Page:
Concerned about the dearth of skillful artisans in Nigeria, especially, bricklayers, a new programme aiming at improving their practices has got the attention of stakeholders in the building sector.
The new initiative is as result of a tripartite agreement between the Nigerian Institute of Building (NIOB), Industrial Training Fund (ITF) and Cement Technology Institute of Nigeria (CTIN).
Speaking at the Annual General Meeting (AGM), of the Lagos State Bricklayers Association in Ikorodu, Lagos state, last week, Chairman of Craftsmen and Artisans Committee of the Nigerian Institute of Building, Mr. Kunle Awobodu, who is also the President of the Building Collapse Prevention Guild (BCPG) and the guest speaker at the occasion identified two major challenges in the Nigerian bricklaying trade, namely: inadequate training and lack of exposure to the modern practices.
Under the proposed pact, Awobodu explained that the building artisans and craftsmen would now have the privilege of undergoing certification process through the National Vocational Qualification Framework (NVQF) of the Nigerian Institute of Building, said Awobodu, and hinted that the National Board of Technical Education (NBTE) has recently given the NIOB the awarding status for trained artisans.
“The grading process, which would be handled by qualified assessors and verifiers, who are seasoned and professional builders would ensure that artisans and craftsmen of high quality are graduated from this educational system.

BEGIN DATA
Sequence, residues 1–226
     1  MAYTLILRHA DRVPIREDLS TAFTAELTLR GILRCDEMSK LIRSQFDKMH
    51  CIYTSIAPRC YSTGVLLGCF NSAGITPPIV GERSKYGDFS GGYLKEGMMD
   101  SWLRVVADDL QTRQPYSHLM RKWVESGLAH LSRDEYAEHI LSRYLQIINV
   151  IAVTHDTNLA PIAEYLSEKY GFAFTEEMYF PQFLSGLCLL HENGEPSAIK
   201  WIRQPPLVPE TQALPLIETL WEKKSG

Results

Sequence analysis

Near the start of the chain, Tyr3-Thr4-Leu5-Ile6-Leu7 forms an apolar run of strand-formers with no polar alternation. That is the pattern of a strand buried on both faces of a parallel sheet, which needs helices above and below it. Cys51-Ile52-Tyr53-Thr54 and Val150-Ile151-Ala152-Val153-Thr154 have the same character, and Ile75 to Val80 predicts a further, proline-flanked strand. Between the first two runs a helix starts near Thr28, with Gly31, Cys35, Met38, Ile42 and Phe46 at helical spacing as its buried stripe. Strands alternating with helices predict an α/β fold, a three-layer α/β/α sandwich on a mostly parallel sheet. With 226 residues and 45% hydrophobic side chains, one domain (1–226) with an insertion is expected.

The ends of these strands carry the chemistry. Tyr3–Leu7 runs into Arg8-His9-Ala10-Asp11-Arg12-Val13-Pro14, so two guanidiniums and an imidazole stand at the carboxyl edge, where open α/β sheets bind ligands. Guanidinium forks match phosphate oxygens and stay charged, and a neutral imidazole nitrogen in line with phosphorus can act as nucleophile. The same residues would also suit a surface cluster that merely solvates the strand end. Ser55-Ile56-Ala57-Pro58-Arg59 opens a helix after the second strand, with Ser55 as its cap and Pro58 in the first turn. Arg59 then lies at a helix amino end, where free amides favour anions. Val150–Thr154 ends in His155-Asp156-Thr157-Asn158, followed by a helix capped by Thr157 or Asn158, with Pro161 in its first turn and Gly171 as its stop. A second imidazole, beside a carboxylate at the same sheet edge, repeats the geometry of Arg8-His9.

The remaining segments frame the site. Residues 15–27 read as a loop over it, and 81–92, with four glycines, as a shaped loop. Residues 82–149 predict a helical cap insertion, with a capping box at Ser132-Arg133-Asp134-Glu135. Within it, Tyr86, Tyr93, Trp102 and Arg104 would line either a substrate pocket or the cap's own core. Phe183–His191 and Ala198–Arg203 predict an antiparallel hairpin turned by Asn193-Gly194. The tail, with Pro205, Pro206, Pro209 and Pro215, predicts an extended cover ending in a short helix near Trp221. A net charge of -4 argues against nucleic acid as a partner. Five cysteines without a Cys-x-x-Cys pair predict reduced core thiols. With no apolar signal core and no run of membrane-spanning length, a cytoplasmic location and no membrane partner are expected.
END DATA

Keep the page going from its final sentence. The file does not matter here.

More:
“This development would enable the artisans to overcome the tragedy of hierarchical inhibition, where they could not aspire to higher rungs in the construction structure.READ ALSO – Why Building Projects Are Abandoned In Nigeria
“The programme would be a subsidized training scheme that would attract Nigerian youths to acquire both theoretical and practical knowledge in various building trades, including skills upgrading training for the existing or old artisans that could enable them graduate to craftsmen grade”.
At the meeting, masons/bricklayers have been advised to teach their children the trade of bricklaying, block-laying and stone craft in order to avert a decline in the workforce of masonry in the Nigerian building industry.
The gathering bemoaned the decline in the quantity and quality of bricklayers, arguing that despite the high rate of unemployment in Nigeria, most youths are not interested in the bricklaying trade as they considered it tedious and bereft of economic growth parameters.
“Nature abhors vacuum. The aging and debilitated bricklayers must be replaced by younger ones with time in order to ensure continuity of this essential service to humanity. Importation of bricklaying and rendering or plastering services from neighbouring West African countries was shameful and of great disservice to the Nigerian economy”, they argued.